I particularly dislike the whole idea of the “For Dummies” series of books, so it was with some reluctance that I checked out Quantum Physics For Dummies from my local library. However, there appears to be quite a wide spectrum of “dummies”, because I only got to page 36 in this volume before my head threatened to explode with the matrix math presented therein. If I had read all of the squib for this book (and not just the first paragraph) I might have been a bit less eager to tackle it.
The author does present things very well, and you get a quick review of the major theories that led to quantum physics around 1900. I was actually able to (finally) understand what the photoelectric effect was, and why Einstein made such a splash when he explained it. In the first 20 pages of the book the author mentions the theories proposed by Wien, Raleigh-Jeans , Planck, Einstein, Compton, Dirac,de Broglie, and Heisenberg. (I should have stopped at that point.)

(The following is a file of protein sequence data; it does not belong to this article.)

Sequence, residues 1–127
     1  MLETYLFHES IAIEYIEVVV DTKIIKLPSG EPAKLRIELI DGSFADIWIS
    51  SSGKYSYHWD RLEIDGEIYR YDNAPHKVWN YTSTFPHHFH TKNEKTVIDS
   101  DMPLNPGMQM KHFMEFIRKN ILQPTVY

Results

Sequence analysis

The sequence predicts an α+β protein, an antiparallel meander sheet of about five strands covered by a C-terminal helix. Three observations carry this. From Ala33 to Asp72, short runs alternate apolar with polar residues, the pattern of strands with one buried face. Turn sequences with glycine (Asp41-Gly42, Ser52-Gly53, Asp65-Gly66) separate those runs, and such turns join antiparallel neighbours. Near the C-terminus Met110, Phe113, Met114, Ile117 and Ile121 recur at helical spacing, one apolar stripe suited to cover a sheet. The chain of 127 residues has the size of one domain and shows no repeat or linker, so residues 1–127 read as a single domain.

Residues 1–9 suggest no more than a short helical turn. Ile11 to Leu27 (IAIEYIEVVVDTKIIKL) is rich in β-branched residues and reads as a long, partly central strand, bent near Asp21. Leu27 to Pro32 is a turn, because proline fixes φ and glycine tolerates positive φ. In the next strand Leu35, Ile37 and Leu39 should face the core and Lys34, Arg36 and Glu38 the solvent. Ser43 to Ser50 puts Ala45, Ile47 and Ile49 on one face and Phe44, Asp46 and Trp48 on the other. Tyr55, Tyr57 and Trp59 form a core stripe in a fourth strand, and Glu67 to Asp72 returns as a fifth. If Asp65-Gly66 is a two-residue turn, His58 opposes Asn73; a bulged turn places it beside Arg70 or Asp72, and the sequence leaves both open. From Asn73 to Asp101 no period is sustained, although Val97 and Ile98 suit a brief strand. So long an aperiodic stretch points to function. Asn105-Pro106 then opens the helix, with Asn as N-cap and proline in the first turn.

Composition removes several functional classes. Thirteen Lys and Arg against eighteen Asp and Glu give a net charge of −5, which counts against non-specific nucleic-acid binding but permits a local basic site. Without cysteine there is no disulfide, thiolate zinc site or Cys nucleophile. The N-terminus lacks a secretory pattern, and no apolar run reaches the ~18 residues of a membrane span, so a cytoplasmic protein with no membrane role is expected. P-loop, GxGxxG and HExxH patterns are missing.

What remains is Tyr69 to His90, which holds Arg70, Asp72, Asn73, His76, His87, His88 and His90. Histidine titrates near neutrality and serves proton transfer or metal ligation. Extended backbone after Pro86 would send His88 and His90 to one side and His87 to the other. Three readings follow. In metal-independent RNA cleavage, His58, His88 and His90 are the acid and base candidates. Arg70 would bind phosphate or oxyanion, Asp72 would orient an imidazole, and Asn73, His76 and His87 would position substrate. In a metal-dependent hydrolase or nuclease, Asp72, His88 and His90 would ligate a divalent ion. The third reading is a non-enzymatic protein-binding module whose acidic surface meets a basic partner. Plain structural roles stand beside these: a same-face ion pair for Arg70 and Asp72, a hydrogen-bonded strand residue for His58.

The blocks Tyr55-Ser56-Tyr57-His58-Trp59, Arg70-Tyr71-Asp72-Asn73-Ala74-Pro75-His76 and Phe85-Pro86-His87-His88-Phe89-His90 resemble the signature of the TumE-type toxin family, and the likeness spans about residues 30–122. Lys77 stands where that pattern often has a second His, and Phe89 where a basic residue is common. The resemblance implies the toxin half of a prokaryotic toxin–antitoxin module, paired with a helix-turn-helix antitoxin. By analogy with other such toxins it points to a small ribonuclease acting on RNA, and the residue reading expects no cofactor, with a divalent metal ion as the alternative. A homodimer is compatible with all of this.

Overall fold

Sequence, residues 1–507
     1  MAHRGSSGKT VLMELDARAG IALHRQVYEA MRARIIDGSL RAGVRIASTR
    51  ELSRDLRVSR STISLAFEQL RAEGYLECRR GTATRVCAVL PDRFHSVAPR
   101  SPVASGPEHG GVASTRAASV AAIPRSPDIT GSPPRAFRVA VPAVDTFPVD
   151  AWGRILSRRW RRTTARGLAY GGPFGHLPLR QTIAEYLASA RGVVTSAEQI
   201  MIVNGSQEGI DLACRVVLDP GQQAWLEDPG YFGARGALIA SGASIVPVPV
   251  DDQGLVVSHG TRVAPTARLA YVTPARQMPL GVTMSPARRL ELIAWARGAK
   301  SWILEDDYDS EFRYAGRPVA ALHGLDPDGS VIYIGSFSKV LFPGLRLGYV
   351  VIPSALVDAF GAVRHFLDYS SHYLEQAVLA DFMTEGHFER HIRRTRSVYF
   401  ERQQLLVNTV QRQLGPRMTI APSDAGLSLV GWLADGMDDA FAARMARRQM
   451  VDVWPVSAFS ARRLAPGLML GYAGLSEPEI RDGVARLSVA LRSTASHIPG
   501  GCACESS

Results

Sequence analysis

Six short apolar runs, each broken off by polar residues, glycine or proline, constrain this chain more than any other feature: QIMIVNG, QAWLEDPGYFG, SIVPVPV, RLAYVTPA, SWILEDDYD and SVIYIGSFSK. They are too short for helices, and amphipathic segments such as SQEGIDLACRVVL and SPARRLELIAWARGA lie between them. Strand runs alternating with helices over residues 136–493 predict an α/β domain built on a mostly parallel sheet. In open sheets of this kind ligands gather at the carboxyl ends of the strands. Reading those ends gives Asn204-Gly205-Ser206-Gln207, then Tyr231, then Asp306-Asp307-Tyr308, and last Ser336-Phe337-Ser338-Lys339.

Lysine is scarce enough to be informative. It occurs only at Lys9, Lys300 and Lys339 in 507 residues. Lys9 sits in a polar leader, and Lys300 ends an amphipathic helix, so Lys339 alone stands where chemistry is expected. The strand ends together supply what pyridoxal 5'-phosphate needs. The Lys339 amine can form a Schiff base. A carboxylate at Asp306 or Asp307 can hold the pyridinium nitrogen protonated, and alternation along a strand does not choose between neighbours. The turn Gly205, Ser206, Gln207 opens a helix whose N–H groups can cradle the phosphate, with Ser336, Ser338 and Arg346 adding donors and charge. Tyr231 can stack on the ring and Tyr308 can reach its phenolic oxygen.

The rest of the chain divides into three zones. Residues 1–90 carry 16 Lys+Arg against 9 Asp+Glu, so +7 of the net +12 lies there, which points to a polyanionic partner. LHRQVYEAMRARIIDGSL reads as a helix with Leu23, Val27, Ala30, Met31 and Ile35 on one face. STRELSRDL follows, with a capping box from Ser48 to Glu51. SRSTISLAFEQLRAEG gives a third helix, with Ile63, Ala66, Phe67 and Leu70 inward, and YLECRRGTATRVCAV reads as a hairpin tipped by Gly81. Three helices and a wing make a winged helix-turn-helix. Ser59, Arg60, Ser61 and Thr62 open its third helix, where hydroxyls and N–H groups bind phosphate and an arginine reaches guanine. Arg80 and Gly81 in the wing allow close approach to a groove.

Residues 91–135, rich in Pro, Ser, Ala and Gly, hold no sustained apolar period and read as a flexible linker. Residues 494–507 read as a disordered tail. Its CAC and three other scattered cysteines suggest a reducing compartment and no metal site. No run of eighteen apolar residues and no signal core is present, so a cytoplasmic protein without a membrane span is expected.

If you are taking a college-level physics course and like doing calculus in your spare time, this is the book for you. I am returning this book and am going to try my luck with The Quantum World. One of the online reviews for it states:
Ford’s subtitle states that his book is for “everyone,” and this is a case where the author delivers on his promise. This reviewer has read many books that claim to be introductions to quantum mechanics for the general reader but that are too complicated and lack the kinds of explanations that help the uninitiated appreciate the subject.
Sounds right for me!